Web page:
As soon as you look as the ExtraNonce/Time patterns you realize that the Patoshi chain of linked blocks is outstanding: about 22k blocks in total, high slope, dense chain. Both the naked eye and slope-tracking algorithms pinpoints this pattern immediately. The slopes break at some points, where extranonces restart from zero. The slope (the apparent mining rate) of blocks in this pattern is very different from any other chain of blocks and is quite stable except for three fast changes in two years. While there is a small probability that some blocks are incorrectly tagged by the algorithm, most of the blocks can be tagged without dispute. I estimate the tagging error is 0.1%.
The probability that the Patoshi pattern is formed by multiple miners with the same hardware (slope), each starting exactly when the previous one stopped is also astonishingly low (assuming miners can start mining at any random time). Also take into consideration that the pattern slope does not represent its underlying hashrate. Therefore, the Patoshi pattern is “one thing”, not the concatenations of many separate things.
There is Only One Patoshi
Some people accepted the existence of the Patoshi pattern, but at the same time refused the argument that a single entity mined the whole P set. Let’s review their arguments:
Main argument against single Patoshi: The pattern is not created by a single miner but by many miners somehow synchronized.
There are four strong reasons to reject this argument:
- 99.9% of all Patoshi blocks are unspent. While only 10% of all non-Patoshi blocks are unspent. This means that the “synchronized” miners decided to spend only 0.1% of their bitcoins, while the remaining miners decided to spent 90% of them (or alternatively each spent 90% of their bitcoins, or each block has a 0.9 probability of being spent). Assuming no correlation between blocks, the probability that only 0.1% of Patoshi blocks being spent is close to 2^-76000. But we can assume high correlation: a miner either sells all his coins or no coin at all. The number of other miners went from 0 to about 25 by March 2010. But the number of synchronized miners in Patoshi pattern would have stayed almost intact, because the hashrate of the Patoshi pattern mostly decreases over time. If we assume the synchronized miners were 6, then the chance they didn’t sell their coins by chance is one in a million.
- Each Patoshi block “links” to a block in the P set, but not to any of the remaining blocks. Somehow the information if a previous block was part or P or not needs to have been communicated along the block. How was this communicated? Early blocks are all look similar. There is no pool signature, as there is today. For what reason would miners do this selective linking? What would they gain? Occam Razor would reject the existence of such system.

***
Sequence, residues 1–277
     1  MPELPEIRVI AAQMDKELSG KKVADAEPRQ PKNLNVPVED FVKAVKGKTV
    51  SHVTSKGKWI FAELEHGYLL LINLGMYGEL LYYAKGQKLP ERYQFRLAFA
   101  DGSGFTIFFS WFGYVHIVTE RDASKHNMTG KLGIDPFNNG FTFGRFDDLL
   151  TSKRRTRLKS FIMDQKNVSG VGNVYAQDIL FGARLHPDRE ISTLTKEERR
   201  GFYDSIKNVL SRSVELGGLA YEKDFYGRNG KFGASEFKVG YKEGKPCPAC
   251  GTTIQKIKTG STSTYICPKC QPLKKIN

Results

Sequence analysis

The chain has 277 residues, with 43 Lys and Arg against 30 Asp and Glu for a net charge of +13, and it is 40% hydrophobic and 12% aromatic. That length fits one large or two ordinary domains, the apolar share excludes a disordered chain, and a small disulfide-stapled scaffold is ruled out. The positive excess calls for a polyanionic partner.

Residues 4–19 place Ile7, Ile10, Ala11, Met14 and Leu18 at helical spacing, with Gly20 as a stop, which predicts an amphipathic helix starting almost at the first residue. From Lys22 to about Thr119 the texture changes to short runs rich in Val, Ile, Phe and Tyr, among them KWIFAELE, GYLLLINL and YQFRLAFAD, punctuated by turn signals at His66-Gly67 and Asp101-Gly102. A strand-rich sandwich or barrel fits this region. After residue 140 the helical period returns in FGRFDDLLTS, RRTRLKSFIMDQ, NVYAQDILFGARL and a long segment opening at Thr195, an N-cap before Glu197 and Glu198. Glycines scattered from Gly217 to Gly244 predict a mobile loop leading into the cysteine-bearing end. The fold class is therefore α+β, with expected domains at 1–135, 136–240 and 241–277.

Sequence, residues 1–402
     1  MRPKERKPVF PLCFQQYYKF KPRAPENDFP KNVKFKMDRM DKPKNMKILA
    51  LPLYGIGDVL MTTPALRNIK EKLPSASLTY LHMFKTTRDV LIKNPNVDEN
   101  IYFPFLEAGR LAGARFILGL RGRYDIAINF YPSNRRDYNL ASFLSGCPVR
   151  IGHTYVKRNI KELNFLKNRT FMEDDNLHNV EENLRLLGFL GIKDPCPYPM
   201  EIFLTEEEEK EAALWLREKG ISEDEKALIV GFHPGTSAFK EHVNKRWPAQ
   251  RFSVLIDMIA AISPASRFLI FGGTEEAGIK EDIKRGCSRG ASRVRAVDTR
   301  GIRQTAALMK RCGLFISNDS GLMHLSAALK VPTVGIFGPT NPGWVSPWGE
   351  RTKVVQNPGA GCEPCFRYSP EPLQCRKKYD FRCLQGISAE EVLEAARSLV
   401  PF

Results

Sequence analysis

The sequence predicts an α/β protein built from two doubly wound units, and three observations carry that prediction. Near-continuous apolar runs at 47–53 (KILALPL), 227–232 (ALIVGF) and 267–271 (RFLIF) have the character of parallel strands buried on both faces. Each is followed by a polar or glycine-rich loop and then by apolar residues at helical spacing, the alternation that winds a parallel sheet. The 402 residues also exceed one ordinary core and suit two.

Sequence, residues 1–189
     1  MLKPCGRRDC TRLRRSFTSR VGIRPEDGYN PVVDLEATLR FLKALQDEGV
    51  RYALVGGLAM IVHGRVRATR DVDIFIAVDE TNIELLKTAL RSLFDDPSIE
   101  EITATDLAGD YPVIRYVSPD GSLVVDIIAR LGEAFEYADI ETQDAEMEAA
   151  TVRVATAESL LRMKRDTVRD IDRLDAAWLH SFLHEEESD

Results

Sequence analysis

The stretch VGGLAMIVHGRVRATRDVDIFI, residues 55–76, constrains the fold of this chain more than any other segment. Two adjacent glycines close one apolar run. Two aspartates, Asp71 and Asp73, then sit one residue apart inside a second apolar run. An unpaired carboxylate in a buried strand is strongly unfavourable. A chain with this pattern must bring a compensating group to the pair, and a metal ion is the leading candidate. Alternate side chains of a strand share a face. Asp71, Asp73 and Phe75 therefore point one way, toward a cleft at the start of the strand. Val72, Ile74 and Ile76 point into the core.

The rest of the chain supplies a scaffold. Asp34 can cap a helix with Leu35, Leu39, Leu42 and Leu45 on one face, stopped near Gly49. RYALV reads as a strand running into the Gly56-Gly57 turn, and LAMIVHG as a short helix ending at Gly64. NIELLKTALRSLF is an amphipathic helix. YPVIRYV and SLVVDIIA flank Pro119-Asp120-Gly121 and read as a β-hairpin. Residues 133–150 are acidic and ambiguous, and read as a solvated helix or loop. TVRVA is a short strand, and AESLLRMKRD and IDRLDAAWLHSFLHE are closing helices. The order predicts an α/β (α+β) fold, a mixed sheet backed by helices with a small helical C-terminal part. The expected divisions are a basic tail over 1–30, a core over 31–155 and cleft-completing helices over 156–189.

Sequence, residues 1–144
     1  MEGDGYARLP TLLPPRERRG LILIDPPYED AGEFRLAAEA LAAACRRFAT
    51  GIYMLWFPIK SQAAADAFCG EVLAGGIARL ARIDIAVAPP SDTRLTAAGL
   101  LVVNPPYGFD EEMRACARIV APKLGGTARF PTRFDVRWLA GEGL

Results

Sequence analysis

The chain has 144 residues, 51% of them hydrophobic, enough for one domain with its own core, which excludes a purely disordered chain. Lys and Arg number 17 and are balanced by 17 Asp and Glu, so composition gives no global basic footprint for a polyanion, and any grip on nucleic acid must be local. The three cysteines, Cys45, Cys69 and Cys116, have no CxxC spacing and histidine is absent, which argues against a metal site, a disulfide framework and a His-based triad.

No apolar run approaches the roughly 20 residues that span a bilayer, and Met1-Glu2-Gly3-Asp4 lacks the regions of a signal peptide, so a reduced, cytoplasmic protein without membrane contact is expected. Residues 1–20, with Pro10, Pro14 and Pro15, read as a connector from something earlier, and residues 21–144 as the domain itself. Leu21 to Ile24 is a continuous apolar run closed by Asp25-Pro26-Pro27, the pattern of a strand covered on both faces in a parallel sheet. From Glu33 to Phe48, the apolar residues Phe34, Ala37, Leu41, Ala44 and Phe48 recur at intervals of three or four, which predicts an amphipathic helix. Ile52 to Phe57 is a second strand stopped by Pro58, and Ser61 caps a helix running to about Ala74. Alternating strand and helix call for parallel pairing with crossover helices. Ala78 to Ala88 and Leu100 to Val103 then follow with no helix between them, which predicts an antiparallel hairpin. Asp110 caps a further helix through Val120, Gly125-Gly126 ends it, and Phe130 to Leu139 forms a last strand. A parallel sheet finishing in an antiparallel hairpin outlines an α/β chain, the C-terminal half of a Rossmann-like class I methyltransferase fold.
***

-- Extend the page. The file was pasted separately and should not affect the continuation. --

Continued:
- There are some time intervals where the Patoshi pattern interrupts abruptly (i.e. 07-18-2009 for a full day) and then continues from the point it has interrupted. How did all these separate miners coordinate the interruption, while other continued mining without problems? It may be the case that they were running the same version of the client, which failed. But there is no evidence of a special version of the software being distributed.
Second argument against single Patoshi: There was a kind of heterogeneous mining pool formed since Genesis, and many independent users joined the pool.
Strong rejections to this argument:
- Mining pools were invented several years later
- How was the existence of this mining pool secretly communicated before the Genesis block was even created? The Patoshi pattern starts right at Genesis.
- Mining pools were created to reduce reward variance due to the low individual probability of solving a block, but during 2009 single miners could easily solve blocks frequently. Why to pool resources? There is no reason.
- There weren’t enough miners to incentivize pooling, as the Patoshi hashrate corresponds to one to six miners (depending on the assumed efficiency of the involved PCs).
- It would have required specific software (that was never made public) to manage the pool and more software to use it.
- All these being done in secrecy would imply some kind of conspiration, which seems ridiculous.
There is no technical reason, no software developed, no operational expertise at that time, no monetary gain, and no benefit at all for the creation of a mining pool when Bitcoin was launched. Therefore, we can assume there was no mining pool at Genesis time.
Based on the assumption that the pattern comes from a single entity you can directly conclude that this party was using a special mining software and/or hardware: fast as one or more state-of-the-art servers in 2009, and with slightly different rules governing how to mine.
Nonce Restriction in all Patoshi Blocks
Even if most people were convinced the Patoshi pattern was real, some people still weren’t. But by the end of 2013 things got more interesting: I found proof, beyond any doubt, that the pattern was real, using a completely different method. I discovered that all Patoshi blocks were marked by a reduction of the range of nonces used in published blocks, to a specific range R. We can define R by restricting the least significant byte of the nonce field. This byte normally increments from 0 to 255, but in the Patoshi blocks is reduced to the range [0..9] U [19.. 58].
The fact that Patoshi nonces are in this range does not imply the miner of the Patoshi pattern only scanned nonces within this range. It could be the case that the network rejected the solved blocks having nonces out of this range, or the same Patoshi mining software did. This is not the case, as there is a direct relationship between the number of nonces scanned and the average time Patoshi took to solve a block. And the relation suggests the nonce space was reduced to R to create blocks at the rate Patoshi blocks were created. The nonces space scanned is about 1/5th of the full range, and the ExtraNonce increments about 5 times faster.